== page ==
Google+ – meeting or managing expectations?

People Will Overlook Google Plus In Favour Of Other Networks.

danger expectationsThis post originally appeared at Media Tapper but now that the site is no longer live I have included the full post here.

Shortly after Google+ launched as an invite only beta, I asked if Google+ met the expectations set for it after months and months of speculation as to what Google’s next social offering would be.

Rumours circulated about a social network called google.me, there was talk of Loops and Circles, an idea that it would all be called "+1" and the theory that Google would not do a network and launch a social layer instead. Now, Google.me is actually Google's page in Montenegro and Loops never saw the light of day but Circles and +1s were part of the plans, just not in the way that was anticipated.

It was envisaged that no-one could create a new social network and compete with the likes of Facebook (and possibly even Twitter) so the radical idea of a social layer gained a lot of traction; instead of focusing all our efforts into one location they would instead be spread across a range of services with our Google profiles being the glue that held them all together - an aggregator if you will.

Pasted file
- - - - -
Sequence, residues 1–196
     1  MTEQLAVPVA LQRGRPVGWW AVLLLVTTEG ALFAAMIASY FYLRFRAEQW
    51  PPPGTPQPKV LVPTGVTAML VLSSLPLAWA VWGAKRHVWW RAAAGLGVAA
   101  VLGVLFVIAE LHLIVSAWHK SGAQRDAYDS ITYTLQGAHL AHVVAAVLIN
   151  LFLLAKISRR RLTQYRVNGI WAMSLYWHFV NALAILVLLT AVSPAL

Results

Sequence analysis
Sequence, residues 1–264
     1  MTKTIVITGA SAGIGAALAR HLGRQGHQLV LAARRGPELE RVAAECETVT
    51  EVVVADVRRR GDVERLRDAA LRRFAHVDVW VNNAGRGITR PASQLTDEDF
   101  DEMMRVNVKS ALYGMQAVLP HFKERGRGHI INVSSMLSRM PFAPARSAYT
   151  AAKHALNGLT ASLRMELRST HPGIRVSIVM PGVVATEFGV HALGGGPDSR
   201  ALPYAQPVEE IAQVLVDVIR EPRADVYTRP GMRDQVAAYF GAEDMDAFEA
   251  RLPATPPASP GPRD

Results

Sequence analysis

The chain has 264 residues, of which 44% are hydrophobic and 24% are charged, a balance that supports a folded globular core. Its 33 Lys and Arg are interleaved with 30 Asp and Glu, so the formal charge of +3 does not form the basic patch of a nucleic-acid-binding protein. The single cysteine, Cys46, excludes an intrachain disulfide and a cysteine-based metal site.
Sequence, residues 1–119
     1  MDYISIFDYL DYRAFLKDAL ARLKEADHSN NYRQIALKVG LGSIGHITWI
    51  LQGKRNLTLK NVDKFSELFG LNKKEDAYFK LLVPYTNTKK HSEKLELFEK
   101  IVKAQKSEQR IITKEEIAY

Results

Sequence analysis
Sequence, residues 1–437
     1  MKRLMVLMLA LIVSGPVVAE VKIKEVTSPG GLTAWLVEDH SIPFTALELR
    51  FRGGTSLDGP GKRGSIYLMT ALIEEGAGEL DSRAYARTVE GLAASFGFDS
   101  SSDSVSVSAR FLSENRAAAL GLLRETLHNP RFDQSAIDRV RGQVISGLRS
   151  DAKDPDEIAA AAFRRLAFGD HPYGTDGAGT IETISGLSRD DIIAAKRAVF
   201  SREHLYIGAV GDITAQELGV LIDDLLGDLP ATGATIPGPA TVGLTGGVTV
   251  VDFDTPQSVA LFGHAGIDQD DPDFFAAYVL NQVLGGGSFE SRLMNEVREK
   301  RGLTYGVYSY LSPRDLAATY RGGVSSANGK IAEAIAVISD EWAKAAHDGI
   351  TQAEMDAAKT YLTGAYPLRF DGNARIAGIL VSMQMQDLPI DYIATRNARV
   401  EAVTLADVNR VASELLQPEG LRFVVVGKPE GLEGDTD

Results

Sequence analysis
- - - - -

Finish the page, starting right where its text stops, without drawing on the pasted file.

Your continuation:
We live in social times

It is now over 6 months since launch and Google's latest quarterly figures show it has breached the 90 million user mark but we are not clear on the level of engagement of those users; we do not, however, expect 100% usage on any network. 90 million users signed up in 6 months is no small achievement and makes Plus the fastest growing network but is this only to be expected?

Friendster and MySpace may have preceded Facebook and Twitter but the latter networks really popularised the social revolution, still they didn't have it easy. A lack of social awareness and an even bigger lack of understanding what it was for meant initial slow growth. Google+ has the advantage of being launched into an already socialised society so uptake was bound to be faster with those bored or unhappy with their current network giving it a try. People are far more socially engaged and looking for new online experiences.

Great Expectations

Our expectations were initially formed from our time using the existing social networks at the time - Facebook and Twitter taught us how these services should run so we combined this experience with what limited information was coming from Google. Expectations change over time as the functionality alters and we hear more of Google's plans but are these expectations being met and, if not, effectively managed?

Social layer